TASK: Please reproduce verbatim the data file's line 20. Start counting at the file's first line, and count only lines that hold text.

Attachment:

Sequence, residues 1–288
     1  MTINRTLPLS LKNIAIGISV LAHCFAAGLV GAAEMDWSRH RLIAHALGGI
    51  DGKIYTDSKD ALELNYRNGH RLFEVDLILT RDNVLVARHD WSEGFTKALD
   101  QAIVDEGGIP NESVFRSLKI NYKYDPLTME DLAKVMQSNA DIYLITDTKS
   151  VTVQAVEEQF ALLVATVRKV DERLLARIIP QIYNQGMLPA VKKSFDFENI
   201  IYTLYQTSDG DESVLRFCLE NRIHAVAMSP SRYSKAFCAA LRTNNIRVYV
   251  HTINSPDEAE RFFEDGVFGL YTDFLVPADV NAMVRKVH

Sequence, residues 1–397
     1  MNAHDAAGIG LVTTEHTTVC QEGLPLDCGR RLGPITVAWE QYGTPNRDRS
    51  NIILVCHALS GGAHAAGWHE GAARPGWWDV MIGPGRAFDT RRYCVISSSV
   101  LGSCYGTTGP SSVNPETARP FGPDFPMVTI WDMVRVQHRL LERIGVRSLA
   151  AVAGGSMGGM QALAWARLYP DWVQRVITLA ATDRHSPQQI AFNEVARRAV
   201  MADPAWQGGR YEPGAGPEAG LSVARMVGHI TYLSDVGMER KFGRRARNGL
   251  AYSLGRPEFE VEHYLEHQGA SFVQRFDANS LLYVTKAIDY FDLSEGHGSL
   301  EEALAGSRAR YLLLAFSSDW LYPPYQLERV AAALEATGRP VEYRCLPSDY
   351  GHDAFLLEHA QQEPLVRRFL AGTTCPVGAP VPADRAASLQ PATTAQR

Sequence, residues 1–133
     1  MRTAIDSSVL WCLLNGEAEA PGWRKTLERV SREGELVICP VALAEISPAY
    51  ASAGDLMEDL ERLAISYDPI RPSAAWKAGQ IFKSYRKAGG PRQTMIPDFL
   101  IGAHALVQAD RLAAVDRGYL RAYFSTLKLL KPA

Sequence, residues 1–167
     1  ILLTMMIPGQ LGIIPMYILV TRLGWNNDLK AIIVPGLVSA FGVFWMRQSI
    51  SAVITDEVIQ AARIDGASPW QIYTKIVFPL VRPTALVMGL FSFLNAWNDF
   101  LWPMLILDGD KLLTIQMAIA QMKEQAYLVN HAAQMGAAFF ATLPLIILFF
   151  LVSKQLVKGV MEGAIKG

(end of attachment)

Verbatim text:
   101  IGAHALVQAD RLAAVDRGYL RAYFSTLKLL KPA